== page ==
German FM Steinmeier opens Frankfurt Book Fair

4th October 2006, Comments 0 comments

4 October 2006, FRANKFURT - The Frankfurt Book Fair, the world's largest trade fair for books, was officially opened Tuesday evening by German Foreign Minister Frank-Walter Steinmeier, Indian Minister for Human Resource Development Arjun Singh and Indian writer Mahasweti Devi. Steinmeier praised the diversity of India, with its 24 national languages and one billion people, as an example for Germany and Europe, and for being "one of the most dynamic economic regions in the world." Steinmeier called books th

4 October 2006

FRANKFURT - The Frankfurt Book Fair, the world's largest trade fair for books, was officially opened Tuesday evening by German Foreign Minister Frank-Walter Steinmeier, Indian Minister for Human Resource Development Arjun Singh and Indian writer Mahasweti Devi.

Steinmeier praised the diversity of India, with its 24 national languages and one billion people, as an example for Germany and Europe, and for being "one of the most dynamic economic regions in the world."

Steinmeier called books the first and most common means of stimulating a "culture of dialogue."

Minister Singh said that in a world threatened by terrorism and misunderstanding, books can and should be used to bring people closer together.

The opening was scheduled to be followed on Tuesday evening by a gala concert in honour of India at Frankfurt's Alte Oper. Entitled "Dhwani: the resonance of India," the concert was billed as a mixture of Indian traditional, folk and modern performing arts.

Earlier book fair director Juergen Boos told a press conference that this year's event will feature more exhibitors than ever before in what he called "a barometer of the industry."

The 58th edition of the world's largest trade fair for books will see 7,272 exhibitors from 113 countries display almost 400,000 titles in the event running October 4-8.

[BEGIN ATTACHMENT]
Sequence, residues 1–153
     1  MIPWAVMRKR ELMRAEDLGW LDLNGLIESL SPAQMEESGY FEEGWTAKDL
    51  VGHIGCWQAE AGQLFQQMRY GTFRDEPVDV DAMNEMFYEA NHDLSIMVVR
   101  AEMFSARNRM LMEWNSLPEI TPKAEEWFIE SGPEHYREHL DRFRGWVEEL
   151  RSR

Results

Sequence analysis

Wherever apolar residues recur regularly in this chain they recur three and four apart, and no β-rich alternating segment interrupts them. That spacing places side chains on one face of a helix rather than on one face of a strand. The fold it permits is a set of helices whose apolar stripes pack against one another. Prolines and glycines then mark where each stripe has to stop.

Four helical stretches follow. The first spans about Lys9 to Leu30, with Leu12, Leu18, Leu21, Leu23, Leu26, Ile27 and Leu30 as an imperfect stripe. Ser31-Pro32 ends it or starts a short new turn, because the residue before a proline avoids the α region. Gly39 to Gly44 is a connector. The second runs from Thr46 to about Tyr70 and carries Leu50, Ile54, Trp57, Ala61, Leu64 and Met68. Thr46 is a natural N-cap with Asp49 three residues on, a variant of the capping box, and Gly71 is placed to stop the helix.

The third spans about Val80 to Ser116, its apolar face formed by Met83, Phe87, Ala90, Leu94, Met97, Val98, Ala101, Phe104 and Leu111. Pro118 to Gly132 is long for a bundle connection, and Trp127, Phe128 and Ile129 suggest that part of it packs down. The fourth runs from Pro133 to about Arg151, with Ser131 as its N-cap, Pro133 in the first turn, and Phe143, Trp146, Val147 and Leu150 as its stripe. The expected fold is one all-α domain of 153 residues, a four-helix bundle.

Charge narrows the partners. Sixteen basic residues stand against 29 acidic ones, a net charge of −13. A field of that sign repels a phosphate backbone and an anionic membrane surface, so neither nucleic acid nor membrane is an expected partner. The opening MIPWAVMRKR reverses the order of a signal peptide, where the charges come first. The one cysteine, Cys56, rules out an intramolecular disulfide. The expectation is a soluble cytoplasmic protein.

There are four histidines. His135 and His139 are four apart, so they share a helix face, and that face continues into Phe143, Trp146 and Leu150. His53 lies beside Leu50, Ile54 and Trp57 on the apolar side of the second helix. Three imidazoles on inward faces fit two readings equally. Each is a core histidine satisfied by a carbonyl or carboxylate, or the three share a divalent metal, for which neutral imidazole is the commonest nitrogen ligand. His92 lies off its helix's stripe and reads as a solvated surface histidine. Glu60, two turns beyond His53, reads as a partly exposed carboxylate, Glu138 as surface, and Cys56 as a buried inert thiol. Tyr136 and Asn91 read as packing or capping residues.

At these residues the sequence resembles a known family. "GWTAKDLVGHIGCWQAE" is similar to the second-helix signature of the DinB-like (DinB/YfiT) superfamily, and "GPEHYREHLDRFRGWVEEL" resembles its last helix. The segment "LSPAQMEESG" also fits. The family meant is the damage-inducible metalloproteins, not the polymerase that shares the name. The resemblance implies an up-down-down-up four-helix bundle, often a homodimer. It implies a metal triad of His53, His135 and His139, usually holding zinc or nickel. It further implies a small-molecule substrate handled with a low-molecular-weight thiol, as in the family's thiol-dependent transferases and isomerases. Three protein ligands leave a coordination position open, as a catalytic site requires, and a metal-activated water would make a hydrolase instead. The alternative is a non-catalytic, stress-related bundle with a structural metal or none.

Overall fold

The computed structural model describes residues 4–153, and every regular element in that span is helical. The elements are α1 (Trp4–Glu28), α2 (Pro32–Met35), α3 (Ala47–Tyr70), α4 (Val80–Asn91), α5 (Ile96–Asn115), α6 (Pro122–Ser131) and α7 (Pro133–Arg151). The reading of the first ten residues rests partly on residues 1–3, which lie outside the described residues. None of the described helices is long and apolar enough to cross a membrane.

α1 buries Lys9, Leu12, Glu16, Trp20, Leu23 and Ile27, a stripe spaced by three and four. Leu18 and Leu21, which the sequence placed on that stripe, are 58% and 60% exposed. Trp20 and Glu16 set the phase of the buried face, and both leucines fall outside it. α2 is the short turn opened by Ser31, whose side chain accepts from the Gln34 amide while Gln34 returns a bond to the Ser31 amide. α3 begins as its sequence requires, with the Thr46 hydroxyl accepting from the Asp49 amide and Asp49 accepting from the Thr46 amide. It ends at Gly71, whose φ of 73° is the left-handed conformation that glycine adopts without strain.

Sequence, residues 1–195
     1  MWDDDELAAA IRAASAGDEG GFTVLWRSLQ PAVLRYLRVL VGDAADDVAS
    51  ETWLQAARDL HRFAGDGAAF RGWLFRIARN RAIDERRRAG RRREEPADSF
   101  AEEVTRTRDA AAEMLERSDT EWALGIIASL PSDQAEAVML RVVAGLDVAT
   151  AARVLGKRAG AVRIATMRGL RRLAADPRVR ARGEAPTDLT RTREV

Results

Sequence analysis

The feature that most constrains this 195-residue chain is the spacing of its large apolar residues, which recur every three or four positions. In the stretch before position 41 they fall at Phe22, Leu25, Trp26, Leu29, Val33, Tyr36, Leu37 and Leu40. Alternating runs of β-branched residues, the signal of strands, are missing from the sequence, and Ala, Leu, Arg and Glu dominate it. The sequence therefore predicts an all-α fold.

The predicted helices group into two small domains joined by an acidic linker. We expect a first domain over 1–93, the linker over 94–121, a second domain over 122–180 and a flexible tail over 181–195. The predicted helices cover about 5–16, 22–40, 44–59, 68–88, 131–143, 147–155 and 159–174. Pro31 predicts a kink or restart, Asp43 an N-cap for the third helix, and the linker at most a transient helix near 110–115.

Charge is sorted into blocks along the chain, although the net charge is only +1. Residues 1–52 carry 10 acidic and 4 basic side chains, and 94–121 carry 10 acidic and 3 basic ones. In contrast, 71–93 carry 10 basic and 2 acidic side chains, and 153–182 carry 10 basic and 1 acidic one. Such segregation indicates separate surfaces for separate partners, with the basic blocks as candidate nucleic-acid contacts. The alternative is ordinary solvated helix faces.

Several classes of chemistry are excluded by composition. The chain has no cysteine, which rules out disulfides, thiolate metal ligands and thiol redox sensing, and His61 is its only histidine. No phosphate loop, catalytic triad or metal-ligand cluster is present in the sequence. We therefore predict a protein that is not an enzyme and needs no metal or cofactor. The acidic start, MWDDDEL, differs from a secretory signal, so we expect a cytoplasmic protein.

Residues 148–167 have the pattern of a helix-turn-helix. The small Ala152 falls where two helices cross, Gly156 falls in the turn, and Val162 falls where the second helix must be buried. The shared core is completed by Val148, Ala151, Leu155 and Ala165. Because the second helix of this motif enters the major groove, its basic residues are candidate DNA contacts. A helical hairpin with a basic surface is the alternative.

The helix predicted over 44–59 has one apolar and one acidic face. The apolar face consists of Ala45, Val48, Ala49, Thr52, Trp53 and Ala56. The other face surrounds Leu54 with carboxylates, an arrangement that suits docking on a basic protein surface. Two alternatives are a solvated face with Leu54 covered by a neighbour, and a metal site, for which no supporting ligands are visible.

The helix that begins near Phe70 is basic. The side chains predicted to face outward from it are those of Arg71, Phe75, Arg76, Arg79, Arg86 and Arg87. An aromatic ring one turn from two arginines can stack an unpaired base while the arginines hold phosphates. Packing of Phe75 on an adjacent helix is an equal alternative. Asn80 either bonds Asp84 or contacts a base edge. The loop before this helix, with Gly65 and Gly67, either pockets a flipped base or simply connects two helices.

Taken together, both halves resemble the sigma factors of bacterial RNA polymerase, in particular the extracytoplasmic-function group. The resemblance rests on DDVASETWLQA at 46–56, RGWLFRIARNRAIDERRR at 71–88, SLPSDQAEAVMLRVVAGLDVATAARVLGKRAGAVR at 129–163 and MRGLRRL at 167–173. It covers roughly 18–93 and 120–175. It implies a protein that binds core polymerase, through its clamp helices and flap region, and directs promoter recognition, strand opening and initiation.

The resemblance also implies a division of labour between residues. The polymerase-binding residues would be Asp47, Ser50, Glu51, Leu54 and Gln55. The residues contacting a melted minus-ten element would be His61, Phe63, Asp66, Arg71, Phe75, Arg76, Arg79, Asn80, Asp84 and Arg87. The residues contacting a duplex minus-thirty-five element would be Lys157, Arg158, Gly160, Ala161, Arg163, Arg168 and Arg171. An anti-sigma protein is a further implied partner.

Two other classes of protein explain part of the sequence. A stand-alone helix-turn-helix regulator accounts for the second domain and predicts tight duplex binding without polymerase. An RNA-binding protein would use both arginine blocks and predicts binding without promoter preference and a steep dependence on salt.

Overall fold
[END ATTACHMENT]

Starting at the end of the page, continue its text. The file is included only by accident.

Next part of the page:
A total 4 per cent more floor space was booked by exhibitors than last year, said the book fair's director Juergen Boos in the opening press conference. In particular the number of Asian exhibitors has grown, while small and medium German publishers are also more strongly represented.

All 13 hall levels were booked out and 283 agencies would be present in the Agents Centre and the film section's International Agents Centre. Germany has 3,288 exhibitors, followed by Britain with 803 and the US with 676. China has doubled its space.

The 2,500 programmed events and the attendance of around 1,000 authors will make the fair "a cultural event of superlatives," predicted Boos.

Speaking of India's status as Guest of Honour at this year's fair, Boos said that "worldwide, India is in the media spotlight: its economic development, political debate in and concerning India, the diversity of cultures in today's India fascinate the entire world."

He stressed that the event is "is all about the economic interests of the book industry," adding that "no other fair provides so many opportunities and chances to make contacts, to develop business ideas and to do deals."

The fair will also feature campaigns to encourage literacy and education.

Meanwhile it was announced that Canadian director Atom Egoyan won the book fair's prize for Best International Literary Film Adaptation for his film Where The Truth Lies.

DPA

Subject: German news

0 Comments To This Article